In the neighborhood, 30.6% of the working population is employed in executive, management, and professional occupations. The second most important occupational group in this neighborhood is manufacturing and laborer occupations, with 20.9% of the residents employed. Other residents here are employed in farming, forestry, or commercial fishing (17.0%), and 16.9% in sales and service jobs, from major sales accounts, to working in fast food restaurants.
The most common language spoken in the neighborhood is English, spoken by 81.8% of households. Some people also speak Spanish (18.1%).
Culture is the shared learned behavior of peoples. Undeniably, different ethnicities and ancestries have different cultural traditions, and as a result, neighborhoods with concentrations of residents of one or another ethnicities or ancestries will express those cultures. It is what makes the North End in Boston so fun to visit for the Italian restaurants, bakeries, culture, and charm, and similarly, why people enjoy visiting Chinatown in San Francisco.
In the neighborhood in Marsing, ID, residents most commonly identify their ethnicity or ancestry as Mexican (22.1%). There are also a number of people of German ancestry (14.9%), and residents who report English roots (13.4%), and some of the residents are also of Irish ancestry (5.0%), along with some Scottish ancestry residents (4.2%), among others. In addition, 11.2% of the residents of this neighborhood were born in another country.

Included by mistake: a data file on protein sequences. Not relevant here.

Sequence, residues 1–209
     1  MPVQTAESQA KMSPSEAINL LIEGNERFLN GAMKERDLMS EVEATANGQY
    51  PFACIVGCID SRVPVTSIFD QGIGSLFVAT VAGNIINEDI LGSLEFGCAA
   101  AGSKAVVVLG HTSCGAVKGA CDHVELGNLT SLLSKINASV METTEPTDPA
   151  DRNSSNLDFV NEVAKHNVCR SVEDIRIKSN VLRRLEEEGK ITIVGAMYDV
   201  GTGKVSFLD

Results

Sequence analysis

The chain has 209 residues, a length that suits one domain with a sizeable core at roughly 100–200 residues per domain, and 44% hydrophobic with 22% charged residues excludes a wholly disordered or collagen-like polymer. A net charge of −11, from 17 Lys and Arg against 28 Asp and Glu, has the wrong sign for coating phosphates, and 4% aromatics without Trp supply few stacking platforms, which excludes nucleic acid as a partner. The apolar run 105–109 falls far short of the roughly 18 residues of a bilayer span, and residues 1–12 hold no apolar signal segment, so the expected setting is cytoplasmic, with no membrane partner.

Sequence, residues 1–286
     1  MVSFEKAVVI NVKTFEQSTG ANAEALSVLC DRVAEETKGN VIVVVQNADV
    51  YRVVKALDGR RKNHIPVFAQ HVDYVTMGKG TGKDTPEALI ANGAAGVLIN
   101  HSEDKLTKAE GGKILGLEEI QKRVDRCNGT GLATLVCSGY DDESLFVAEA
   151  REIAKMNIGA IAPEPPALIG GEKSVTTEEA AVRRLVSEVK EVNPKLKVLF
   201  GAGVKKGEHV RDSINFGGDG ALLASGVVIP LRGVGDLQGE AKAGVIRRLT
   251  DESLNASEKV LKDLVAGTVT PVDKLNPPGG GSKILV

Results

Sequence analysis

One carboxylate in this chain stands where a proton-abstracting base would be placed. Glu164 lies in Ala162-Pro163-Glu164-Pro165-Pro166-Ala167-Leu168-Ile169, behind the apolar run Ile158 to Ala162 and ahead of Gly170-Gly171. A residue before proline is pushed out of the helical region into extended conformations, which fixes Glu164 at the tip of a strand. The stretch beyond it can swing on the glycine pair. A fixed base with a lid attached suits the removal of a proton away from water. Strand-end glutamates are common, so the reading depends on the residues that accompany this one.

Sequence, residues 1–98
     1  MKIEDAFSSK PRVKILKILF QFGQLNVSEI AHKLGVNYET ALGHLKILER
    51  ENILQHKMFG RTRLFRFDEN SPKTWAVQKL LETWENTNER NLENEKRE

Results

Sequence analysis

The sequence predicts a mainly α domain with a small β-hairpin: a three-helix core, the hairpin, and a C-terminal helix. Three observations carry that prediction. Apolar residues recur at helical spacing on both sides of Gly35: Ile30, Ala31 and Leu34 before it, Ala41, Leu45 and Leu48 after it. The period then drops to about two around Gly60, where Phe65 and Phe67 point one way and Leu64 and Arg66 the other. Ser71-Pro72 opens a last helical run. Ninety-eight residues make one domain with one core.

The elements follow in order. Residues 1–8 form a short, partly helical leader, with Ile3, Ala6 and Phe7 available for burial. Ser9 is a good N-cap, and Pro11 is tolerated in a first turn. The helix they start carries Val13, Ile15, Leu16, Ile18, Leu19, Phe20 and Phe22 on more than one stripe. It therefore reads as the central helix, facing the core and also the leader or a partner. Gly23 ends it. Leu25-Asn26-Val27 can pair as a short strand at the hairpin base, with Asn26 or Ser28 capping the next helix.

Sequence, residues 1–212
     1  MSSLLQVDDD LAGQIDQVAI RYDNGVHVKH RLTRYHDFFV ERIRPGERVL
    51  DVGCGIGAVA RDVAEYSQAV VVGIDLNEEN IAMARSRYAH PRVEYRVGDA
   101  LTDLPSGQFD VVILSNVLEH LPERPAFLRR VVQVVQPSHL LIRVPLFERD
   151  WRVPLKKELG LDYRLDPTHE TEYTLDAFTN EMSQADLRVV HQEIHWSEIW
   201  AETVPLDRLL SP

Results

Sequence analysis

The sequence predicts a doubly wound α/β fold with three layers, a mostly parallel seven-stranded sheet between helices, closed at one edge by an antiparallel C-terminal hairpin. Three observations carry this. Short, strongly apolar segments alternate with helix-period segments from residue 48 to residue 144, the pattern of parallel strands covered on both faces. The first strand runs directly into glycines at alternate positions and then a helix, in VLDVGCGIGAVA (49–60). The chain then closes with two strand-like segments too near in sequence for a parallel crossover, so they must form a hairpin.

How you get to work – car, bus, train or other means – and how much of your day it takes to do so is a large quality of life and financial issue. Especially with gasoline prices rising and expected to continue doing so, the length and means of one's commute can be a financial burden. Some neighborhoods are physically located so that many residents have to drive in their own car, others are set up so many walk to work, or can take a train, bus, or bike. The greatest number of commuters in neighborhood spend between 15 and 30 minutes commuting one-way to work (37.5% of working residents), which is shorter than the time spent commuting to work for most Americans.
Here most residents (64.1%) drive alone in a private automobile to get to work. In addition, quite a number also carpool with coworkers, friends, or neighbors to get to work (15.4%) . In a neighborhood like this, as in most of the nation, many residents find owning a car useful for getting to work.